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How 3D Printing is Helping Wildlife Conservation

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In recent years, a number of animals have gone extinct. Making matters worse, an increasing number are on the verge of extinction or their survival is threatened. There are a number of reasons that this is happening; chief among them, however, is the loss of habitat, pollution, and poaching.

The internet has been a very valuable tool in reporting how significant these issues are, which has resulted in a number of creative initiatives to aide in wildlife conservation. One futuristic technology that is making significant headway towards reversing the toll on wildlife is 3D printing.

How Can 3D Printing Help Wildlife?

3D printing has found numerous applications in business and manufacturing, but it may come as a surprise to some that it can be used to help wildlife. The technology’s speed and customization make it ideal for conservation work. 3D printing is easily integrated with other technologies, and the variety of different materials available make it perfectly suited to conservation efforts for a number of different species.

Photo by Jared Belson

Bees

The importance of honey bees to our ecosystem cannot be understated. They are the principal pollinators of the majority of our food sources. If these bees were to go extinct, the world would face an immense food crisis, because 75% of the world’s agricultural plants are pollinated by honey bees.

Unfortunately, the honey bee population is suffering. Colonies are dying off at startling rates, and there is currently no definitive solution to this serious problem. 3D printing, however, may offer a solution to one of the bee’s roadblocks; safe pollination.

Michael Candy has created a synthetic pollinizer utilizing 3D printed flowers that offer bees a safe place to collect pollen and nectar. The device provides bees with the nourishment they require without exposing them to pesticides (a major issue for hives).

Coral

artificial coral reef

Photo by Tom Fisk from Pexels

Coral reefs provide habitat and shelter for hundreds of different aquatic species. Like honey bees, these valuable organisms are suffering sharp declines in their population. This is due, primarily, to ocean pollution and a rise in water temperature and acidity.

The 3D printing solution for coral is to create new artificial reefs. These artificial reefs are constructed of lime or sandstone, and mimic true natural reefs. The goal of these structures is to attract free-floating coral polyps. These coral polyps, once attached to the stone, can then grow into full-fledged colonies, eventually creating a new living reef.

Tortoises

Full-grown tortoises are protected by large, durable shells. Infant tortoises, on the other hand, are not. While they still possess a shell, it is not nearly as strong or durable as an adult’s. Due to predation and loss of habitat, there are a number of tortoises that are endangered. A company called Hardshell Labs is working to protect the population of tortoises in the California desert by printing decoys of the infant tortoises.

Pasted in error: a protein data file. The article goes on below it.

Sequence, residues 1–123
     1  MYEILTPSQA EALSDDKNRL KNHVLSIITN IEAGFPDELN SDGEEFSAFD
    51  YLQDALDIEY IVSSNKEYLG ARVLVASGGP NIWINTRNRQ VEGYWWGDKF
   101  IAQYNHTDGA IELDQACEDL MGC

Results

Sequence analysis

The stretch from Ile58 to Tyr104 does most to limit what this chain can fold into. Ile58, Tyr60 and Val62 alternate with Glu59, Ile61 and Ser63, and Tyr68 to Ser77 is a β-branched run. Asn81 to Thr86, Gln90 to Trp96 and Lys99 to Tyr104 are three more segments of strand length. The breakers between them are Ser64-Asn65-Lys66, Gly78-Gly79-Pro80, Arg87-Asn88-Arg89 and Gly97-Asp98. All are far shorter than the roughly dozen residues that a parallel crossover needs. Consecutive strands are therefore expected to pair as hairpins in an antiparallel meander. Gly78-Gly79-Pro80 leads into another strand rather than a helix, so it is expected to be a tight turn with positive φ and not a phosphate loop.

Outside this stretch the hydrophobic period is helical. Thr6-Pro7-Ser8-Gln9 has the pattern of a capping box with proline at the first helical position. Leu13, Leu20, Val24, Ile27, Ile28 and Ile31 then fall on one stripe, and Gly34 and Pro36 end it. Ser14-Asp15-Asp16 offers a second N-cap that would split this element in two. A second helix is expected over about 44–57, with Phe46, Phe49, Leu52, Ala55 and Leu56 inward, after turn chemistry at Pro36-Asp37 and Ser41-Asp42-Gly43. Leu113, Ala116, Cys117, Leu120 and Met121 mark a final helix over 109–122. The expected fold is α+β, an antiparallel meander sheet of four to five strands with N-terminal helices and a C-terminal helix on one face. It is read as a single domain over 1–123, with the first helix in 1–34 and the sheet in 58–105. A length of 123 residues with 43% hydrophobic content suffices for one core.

The young tortoise’s top predators are ravens, which can easily peck through their shells. Hardshell Labs hopes to use their decoys to reduce predation by these ravens. The company hopes to do so by filling the decoys with a deterrent that might make the birds reconsider attacking another shell.

Rhinoceroses

One animal’s plight that has only grown more sever in recent years is the rhinoceros. Rhinos are being killed in staggering numbers by poachers for their horn to be sold in China and Vietnam. Rhino horn is currently one of the most valuable materials on Earth by weight; because of this, poachers in Africa operate in well-armed and organized groups. Traditional methods of combating these poachers have been relatively ineffective so conservationists are turning to more advanced technologies; drones and 3D printing.

The Wildlife Conservation Unmanned Aerial Vehicle Challenge (wcUAVc) was an initiative to prevent poaching through the use of drones. Drones can navigate national parks much more effectively than rangers on the ground. Conservationists are using 3D printing to quickly and efficiently create drones. These drones can find and monitor poachers, which allows rangers to prepare and take action to protect the animals.

Conclusion

3D printing has a myriad of different uses, and the technology is only continuing to develop and advance. It is becoming more and more apparent, however, that the technology has a definitive place in conservation efforts around the globe. The new problems that conservationists face force innovative solutions, and 3D printing is leading the charge.

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